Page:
Abyssinian kittens are born with dark coats that gradually lighten as they mature, usually over several months. The adult coat should not be excessively short and is ideally fine, dense and close-lying, silky to the touch.
Abys are bred in the following colors: ruddy (known as "usual" in the United Kingdom), chocolate, sorrel (also called cinnamon or red), blue, lilac and fawn and the silver version of these colors where an icy white coloration closest to the skin is followed by ticking up the hair shaft. Ruddy color is characterized by a warm deep reddish-brown base with black ticking. Sorrel has a lighter coppery base with chocolate brown ticking. Other variants have been introduced by outcrossings to the Burmese and other shorthaired breeds, notably blue (on a warm beige base) and fawn (on a softer cream base). The less common chocolate and lilac are not recognized in the Cat Fancier's Association (CFA) breed standard but have been granted full champion status in The International Cat Association (TICA) and in the UK. The UK also recognizes the silver Abyssinian, in which the base coat is a pure silvery white with black (called "usual silver"), blue, cream or sorrel ticking. Various other colour combinations are in development, including the "torbie", in which a patched tortoiseshell pattern in any of these colors is visible under the tabby banding.
PERSONALITY OF ABYSSINIAN CATS
Abyssinians are one of the most intelligent breeds of cats. Of all the cat breeds, the Abyssinian is perhaps the one who lives life to the fullest. They are very active, affectionate and playful extroverts. They are extremely motivated and curious. They are good in solving practical problems and tend to retain a kittenish playful behavior into adulthood. No place ever goes unexplored and yet seldom do they knock anything off of a shelf or countertop. A love of heights is a signal trait of the Abyssinian. It likes to be as high up as possible and will appreciate having one or more ceiling-height cat trees. Sometimes it may seem as if the Aby never sleeps. It is ever in motion, jumping up in the window to look at birds or squirrels, leaping on top of the refrigerator to supervise meal preparation, perching on your desk to watch your fingers move over the keyboard and then swiping at them so you’ll pay attention to it instead. This is a playful, persistent cat that adores being the center of attention and will do anything to achieve and maintain that status. Abyssinians are loyal and very interactive with their owners and environment. They are wonderful companions who are highly interested in everything around them and what everybody is doing. Not usually considered a lap cat due to their high energy and curiosity levels, Abys do occasionally make visits to your lap or find a way under the covers to spend time near their beloved owners. The way they transform within seconds from a radiant and regal presence into an amazingly playful character with childlike antics and an indomitable spirit is astounding. This cat breed is one that is more inclined to accept dogs and older children since they are very well oriented with people and animals.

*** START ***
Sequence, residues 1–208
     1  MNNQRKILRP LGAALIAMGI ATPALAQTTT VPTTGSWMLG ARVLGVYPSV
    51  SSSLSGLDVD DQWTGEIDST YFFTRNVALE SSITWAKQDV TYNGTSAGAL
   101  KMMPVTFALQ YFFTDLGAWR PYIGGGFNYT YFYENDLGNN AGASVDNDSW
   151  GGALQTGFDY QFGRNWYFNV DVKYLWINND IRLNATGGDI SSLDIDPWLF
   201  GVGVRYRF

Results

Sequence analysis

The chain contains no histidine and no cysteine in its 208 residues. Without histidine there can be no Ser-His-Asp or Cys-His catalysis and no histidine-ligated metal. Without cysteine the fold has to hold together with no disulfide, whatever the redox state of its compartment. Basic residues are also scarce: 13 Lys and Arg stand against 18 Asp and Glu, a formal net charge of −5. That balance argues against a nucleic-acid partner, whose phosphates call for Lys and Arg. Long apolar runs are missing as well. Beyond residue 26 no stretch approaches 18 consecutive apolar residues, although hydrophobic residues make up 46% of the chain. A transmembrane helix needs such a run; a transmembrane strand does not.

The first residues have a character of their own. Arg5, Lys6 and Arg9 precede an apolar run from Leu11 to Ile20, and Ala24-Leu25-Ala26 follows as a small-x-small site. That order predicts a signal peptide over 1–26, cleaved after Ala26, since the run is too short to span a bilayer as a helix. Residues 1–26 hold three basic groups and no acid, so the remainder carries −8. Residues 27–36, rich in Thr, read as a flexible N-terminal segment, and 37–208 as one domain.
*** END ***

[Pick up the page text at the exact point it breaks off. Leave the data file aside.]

They tend to have an average lifespan of around 9-15+ years. However, if proper care and nutrition is given with the advancement of veterinary medicine, this breed of cat can live up to 20 years and even longer. They can have an average weight of around 6 to 10 pounds.
Both pedigreed cats and mixed-breed cats have varying incidences of health problems that may be genetic in nature. Problems that may affect the Abyssinian include the following:
• Early-onset periodontal disease.
• Hyperesthesia syndrome, a neurological problem that can cause cats to excessively groom themselves, leading to hair loss, and to act frantically, especially when they are touched or petted
• Patellar luxation, a hereditary dislocation of the kneecap that can range from mild to severe. Severe cases can be alleviated with surgery.
• Progressive retinal atrophy (PRA), a degenerative eye disease.
• Pyruvate kinase deficiency (PKDef), for which a genetic test is available to identify carriers.
• Renal amyloidosis, a heritable disease that occurs when a type of protein called amyloid is deposited in body organs, primarily the kidneys in Abyssinians. It eventually leads to kidney failure.